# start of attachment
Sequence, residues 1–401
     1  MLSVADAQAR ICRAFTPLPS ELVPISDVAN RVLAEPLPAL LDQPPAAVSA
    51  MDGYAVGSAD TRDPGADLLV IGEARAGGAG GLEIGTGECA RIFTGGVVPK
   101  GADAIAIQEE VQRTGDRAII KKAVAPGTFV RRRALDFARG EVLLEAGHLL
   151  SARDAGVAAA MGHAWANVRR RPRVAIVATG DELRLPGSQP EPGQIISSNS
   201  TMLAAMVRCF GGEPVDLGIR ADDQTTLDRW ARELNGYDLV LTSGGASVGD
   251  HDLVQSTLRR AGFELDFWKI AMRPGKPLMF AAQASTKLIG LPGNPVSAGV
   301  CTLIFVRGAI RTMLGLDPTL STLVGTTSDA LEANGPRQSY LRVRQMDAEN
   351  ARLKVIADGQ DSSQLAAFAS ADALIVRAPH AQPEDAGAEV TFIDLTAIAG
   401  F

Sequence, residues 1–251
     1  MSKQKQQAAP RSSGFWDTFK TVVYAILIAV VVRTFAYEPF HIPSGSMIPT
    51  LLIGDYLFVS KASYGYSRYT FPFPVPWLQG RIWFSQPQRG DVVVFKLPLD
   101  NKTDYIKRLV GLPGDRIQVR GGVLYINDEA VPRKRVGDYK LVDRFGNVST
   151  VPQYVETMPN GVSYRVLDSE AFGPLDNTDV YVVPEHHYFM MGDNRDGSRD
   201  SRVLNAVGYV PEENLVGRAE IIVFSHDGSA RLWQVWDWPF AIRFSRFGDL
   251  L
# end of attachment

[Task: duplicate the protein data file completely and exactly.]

Sequence, residues 1–401
     1  MLSVADAQAR ICRAFTPLPS ELVPISDVAN RVLAEPLPAL LDQPPAAVSA
    51  MDGYAVGSAD TRDPGADLLV IGEARAGGAG GLEIGTGECA RIFTGGVVPK
   101  GADAIAIQEE VQRTGDRAII KKAVAPGTFV RRRALDFARG EVLLEAGHLL
   151  SARDAGVAAA MGHAWANVRR RPRVAIVATG DELRLPGSQP EPGQIISSNS
   201  TMLAAMVRCF GGEPVDLGIR ADDQTTLDRW ARELNGYDLV LTSGGASVGD
   251  HDLVQSTLRR AGFELDFWKI AMRPGKPLMF AAQASTKLIG LPGNPVSAGV
   301  CTLIFVRGAI RTMLGLDPTL STLVGTTSDA LEANGPRQSY LRVRQMDAEN
   351  ARLKVIADGQ DSSQLAAFAS ADALIVRAPH AQPEDAGAEV TFIDLTAIAG
   401  F

Sequence, residues 1–251
     1  MSKQKQQAAP RSSGFWDTFK TVVYAILIAV VVRTFAYEPF HIPSGSMIPT
    51  LLIGDYLFVS KASYGYSRYT FPFPVPWLQG RIWFSQPQRG DVVVFKLPLD
   101  NKTDYIKRLV GLPGDRIQVR GGVLYINDEA VPRKRVGDYK LVDRFGNVST
   151  VPQYVETMPN GVSYRVLDSE AFGPLDNTDV YVVPEHHYFM MGDNRDGSRD
   201  SRVLNAVGYV PEENLVGRAE IIVFSHDGSA RLWQVWDWPF AIRFSRFGDL
   251  L